Dorothea L. Dix and the Establishment of the New Jersey State Lunatic Asylum Prior to the Industrial Revolution, traditional institutions like the family, church, and local communities were charged with the care of orphaned children, the elderly, the indigent, and the mentally ill. As the Revolution flourished it greatly evolved the economy, social structure, and political institutions of the cities of New Jersey into more complex urban societies. However, as it demanded labor these institutions were no longer available to these populations. Hence, formal public establishments were born out of society’s needs. There functions were “vital to the welfare of the American people” (Hermann, F.M., p.5, Dorothea L. Dix and the Politics of Institutional Reform). One of the most important establishments developed from the results of the Industrial Revolution were insane asylums. During the 19th century, Dorothea Lynde Dix crusaded for the social justice of the growing number of impoverished mentally ill across the nation. She campaigned for the proper care and institutional treatment for these often forgotten individuals of society. The purpose of this paper is to examine Dorothea L. Dix’s role in the establishment of New Jersey’s first insane asylum. Dorothea L. Dix
Dorothea Lynde Dix is perhaps one of the most influential social reformers of the nineteenth century. She lobbied for the proper and institutional care for the mentally ill. Her efforts provided the nation with the establishment and expansion of over 30 mental hospitals (Hermann, F.M., p., Dorothea L. Dix and the Politics of Institutional Reform).
Dix was born in 1802 to John and Mary Dix, a poor couple living on the outskirts of Hempden, Massachusetts. John Dix was disowned by his wealthy family after marrying Mary Bigelow, an older and impoverished woman. He became a fanatical Methodist and forced his family into more financial distress spreading his religious ideology.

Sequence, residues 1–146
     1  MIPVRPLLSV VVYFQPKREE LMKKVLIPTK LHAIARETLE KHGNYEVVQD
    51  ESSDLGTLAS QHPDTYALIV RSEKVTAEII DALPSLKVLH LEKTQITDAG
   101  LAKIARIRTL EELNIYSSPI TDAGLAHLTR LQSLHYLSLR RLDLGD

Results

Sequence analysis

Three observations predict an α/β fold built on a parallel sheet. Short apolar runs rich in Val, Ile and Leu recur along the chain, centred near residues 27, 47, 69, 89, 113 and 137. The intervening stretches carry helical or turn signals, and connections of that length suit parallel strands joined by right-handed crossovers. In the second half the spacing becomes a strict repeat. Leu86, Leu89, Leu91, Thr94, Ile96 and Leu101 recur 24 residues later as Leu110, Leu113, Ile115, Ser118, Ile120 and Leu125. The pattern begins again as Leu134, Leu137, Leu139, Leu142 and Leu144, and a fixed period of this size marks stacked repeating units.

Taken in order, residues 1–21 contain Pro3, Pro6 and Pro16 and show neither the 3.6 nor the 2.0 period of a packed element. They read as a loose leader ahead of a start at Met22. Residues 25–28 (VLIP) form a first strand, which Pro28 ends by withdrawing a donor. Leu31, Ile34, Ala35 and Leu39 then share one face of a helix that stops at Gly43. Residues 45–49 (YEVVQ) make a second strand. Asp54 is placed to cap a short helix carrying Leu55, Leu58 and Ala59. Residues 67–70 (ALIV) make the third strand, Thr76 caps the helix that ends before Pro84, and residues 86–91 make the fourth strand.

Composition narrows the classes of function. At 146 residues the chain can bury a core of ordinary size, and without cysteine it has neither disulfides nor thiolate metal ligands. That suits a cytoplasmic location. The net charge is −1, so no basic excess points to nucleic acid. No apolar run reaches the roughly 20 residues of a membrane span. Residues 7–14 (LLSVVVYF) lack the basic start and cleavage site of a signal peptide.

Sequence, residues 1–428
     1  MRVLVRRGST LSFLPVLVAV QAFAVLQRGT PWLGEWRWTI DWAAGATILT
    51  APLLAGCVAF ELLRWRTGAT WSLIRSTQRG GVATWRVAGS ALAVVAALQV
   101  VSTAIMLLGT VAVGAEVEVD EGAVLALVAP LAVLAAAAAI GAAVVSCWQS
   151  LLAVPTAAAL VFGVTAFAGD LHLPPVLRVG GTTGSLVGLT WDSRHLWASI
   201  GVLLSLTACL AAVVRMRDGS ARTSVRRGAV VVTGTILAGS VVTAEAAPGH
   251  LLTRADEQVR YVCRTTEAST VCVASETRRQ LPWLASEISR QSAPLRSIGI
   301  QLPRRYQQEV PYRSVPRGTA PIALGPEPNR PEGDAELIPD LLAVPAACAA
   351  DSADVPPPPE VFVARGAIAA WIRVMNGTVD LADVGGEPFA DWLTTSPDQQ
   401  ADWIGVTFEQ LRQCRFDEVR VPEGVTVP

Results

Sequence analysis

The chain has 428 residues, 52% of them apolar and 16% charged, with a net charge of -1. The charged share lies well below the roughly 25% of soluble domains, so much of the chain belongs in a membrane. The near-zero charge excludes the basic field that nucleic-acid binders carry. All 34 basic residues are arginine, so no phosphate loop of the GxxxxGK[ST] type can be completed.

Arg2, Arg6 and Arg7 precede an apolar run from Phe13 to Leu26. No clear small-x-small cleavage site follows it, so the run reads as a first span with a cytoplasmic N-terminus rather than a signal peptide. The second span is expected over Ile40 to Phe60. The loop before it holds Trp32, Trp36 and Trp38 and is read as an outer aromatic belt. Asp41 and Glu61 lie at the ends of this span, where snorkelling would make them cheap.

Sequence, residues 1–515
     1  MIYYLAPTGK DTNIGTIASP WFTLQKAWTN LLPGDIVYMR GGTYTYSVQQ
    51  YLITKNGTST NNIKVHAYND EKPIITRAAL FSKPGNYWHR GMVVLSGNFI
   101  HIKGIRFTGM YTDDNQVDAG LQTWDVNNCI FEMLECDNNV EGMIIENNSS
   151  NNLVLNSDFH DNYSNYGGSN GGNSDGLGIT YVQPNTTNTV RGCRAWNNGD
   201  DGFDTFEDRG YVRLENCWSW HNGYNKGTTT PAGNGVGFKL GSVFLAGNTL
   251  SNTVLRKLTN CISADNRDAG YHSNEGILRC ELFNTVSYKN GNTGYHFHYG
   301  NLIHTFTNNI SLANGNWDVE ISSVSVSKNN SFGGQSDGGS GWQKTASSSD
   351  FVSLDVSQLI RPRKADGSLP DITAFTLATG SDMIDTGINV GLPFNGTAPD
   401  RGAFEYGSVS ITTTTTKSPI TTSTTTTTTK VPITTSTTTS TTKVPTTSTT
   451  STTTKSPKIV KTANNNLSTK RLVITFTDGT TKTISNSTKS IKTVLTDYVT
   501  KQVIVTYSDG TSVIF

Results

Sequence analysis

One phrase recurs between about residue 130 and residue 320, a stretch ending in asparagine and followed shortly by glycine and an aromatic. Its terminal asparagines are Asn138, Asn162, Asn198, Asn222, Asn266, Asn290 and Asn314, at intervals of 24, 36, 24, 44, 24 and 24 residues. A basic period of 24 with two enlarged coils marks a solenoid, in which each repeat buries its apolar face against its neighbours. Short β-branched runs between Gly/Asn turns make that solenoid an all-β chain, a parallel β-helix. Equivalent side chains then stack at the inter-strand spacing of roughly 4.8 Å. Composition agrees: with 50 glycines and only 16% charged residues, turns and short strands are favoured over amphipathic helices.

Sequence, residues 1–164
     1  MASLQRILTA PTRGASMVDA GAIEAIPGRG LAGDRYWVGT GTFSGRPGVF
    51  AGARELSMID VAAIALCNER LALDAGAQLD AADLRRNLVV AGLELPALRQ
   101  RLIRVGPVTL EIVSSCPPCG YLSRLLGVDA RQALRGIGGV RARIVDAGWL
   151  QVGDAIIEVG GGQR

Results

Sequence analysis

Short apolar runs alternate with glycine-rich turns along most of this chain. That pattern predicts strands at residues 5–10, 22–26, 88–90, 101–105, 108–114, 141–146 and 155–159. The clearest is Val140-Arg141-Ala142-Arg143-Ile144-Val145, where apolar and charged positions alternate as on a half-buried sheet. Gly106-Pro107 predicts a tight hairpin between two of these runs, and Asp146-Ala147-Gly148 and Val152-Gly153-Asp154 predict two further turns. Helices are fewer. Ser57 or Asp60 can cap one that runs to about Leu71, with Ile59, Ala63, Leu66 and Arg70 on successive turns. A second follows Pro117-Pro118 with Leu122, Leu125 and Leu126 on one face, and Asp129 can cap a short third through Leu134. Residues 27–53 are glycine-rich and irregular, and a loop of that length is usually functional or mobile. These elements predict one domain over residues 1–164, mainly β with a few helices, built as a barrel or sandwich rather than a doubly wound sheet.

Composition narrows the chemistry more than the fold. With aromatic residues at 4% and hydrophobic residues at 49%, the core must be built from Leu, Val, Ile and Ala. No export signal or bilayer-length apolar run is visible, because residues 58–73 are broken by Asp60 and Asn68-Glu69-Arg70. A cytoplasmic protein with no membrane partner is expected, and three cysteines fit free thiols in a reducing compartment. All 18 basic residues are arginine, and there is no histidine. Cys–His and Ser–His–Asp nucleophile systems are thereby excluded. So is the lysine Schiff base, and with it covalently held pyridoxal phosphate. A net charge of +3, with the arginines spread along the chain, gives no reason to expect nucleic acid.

By 1814, Dix grew tired of living with her father’s oddities and abandoned her parents. She turned to her grandmother, Madam Dix, and moved to Boston. Under her grandmother’s supervision she acquired a hard work ethic and strong spiritual values. By the age of 14, she returned home and opened a school for small children. In 1819, she relocated back to Boston and established two new and very different schools serving the both the more fortunate and destitute populations. During this time, she also published several books that dealt with religious, romantic, and children’s subjects. She concluded her career as a teacher and author at the age of 34 after suffering a “nervous and physical collapse” (Hermann, F.M., p., Dorothea L. Dix and the Politics of Institutional Reform).
It was her grandmother’s death in 1837 that was the catalyst for Dix’s career as a psychiatric reformer. She accepted a position as a teacher in the women’s department of the East Cambridge House of Correction. During her employment, she found several neglected people who were confined to a “dreary, unsanitary, and unheated room” (Hermann, F.M., p., Dorothea L. Dix and the Politics of Institutional Reform). After inquiring, she discovered that these people were considered to be insane and were mistreated because of that. From this point, she resolved to improve the standard of living for the prison’s mentally ill inmates. She recruited the assistance of the media and other humanitarians to bring public attention to the abhorrent conditions these inmates endured.
Dix won her first of many battles fighting for the rights of the insane when a Massachusetts court mandated that the cold quarters housing the mentally ill of the East Cambridge House of Correction be heated. This ruling paved the way to her 2 year investigation that exposed the conditions the mentally ill...